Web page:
When it comes to the year of your swimming pool — that is its filtration system. It is one of the most important pieces of equipment in the pool and if it isn’t working correctly you will see its impact quickly.
What does the pool filter do:
- Removes micro-organisms
- Removes bacteria and contaminants
- Filters out and remove debris
Swimming pool water can be filled with bacteria based on the people who use the pool, debris that is blown in and the very nature of the water itself. It’s crucial that not only is the pool water chemistry balanced, but that the pools’ filtration system is chugging along doing its important work behind the scenes.
Over time, the filter won’t work as well as it did when it was brand new and that’s to be expected. Your swimming pool contractor can help it have the longest useful life it can by performing inspections and upkeep and maintenance on the equipment.
Read on to see, and understand, what some of the most common pool filter issues are and how they can be fixed.
How Healthy Is Your Pools’ Filtration System?
A swimming pool filter can last up to a decade as long as it’s maintained and properly cared for. Here, though are some of the issues that may arise with a pool filter and how to recognize and address them.
The most common problem most pool owners face with their pool filter is a leak. Thankfully, it is also the easiest to repair. A DIYer may be able to do it him or herself. A leaking filter is easy to spot because you will see puddles of water around the filter. When you see water, inspect the filter’s outer shell to see if it is cracked or has rusted through. If you see rust and cracks, it might be time to replace the tank because it will continue to get worse.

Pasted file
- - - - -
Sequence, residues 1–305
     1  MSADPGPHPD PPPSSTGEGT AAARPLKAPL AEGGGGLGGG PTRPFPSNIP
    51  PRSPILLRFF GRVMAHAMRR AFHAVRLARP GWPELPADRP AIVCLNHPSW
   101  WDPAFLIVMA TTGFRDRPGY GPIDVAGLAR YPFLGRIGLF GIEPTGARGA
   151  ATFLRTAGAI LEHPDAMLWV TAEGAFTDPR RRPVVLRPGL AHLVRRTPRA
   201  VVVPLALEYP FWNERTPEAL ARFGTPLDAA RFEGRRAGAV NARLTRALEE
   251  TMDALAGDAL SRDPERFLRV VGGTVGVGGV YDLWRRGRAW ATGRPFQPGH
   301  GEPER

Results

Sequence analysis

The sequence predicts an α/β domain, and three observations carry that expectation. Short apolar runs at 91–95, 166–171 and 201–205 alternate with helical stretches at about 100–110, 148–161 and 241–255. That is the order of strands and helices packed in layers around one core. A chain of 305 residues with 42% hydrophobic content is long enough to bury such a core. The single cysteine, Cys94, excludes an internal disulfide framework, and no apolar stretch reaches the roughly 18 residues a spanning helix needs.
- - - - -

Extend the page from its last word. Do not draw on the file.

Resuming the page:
If a visual inspection shows no outward issues, look inside the filter tank. To do this, you will need to turn off the pool pump and drain the filter by opening the air bleeder. Once the water is out, remove any debris that may have collected. Cartridge filters will require you to remove it and clean it off. It may be past its useful life and you may need to replace the filter.
Inspect the o-rings and clamp bands. If you can’t see any outward reasons for a leak, call on the expertise of a pool contractor to inspect it for you.
Sand & DE in the pool
Pool owners who are using a filter that utilizes sand or diatomaceous earth (DE) filter styles may notice traces of DE or sand in the pool on occasion. When this happens, it is typically such trace amounts that the pool pump and filter will move it up and out of the pool water.
Trace amounts are one thing, but if you’re seeing pools of sand or DE settling into the bottom of the pool, the filter needs to be inspected. The leaking of sand or DE could mean there is a tear or a crack in the pipes or manifold of the filter system.
Turn the filter and pool pump off. Inspect the manifolds and pipes. If you see no outward signs of damage and the connections are properly set, it’s time to call a pool contractor.
Take a listen and if you hear the pool filter continuously running short cycles — turning on and turning off within a few moments. This could indicate one of these issues.
- The filter needs cleaning. If debris, algae and bacteria have built up the filter will get clogged and make the equipment work harder and could lead to short cycles. Clean the filter or replace the sand or cartridge.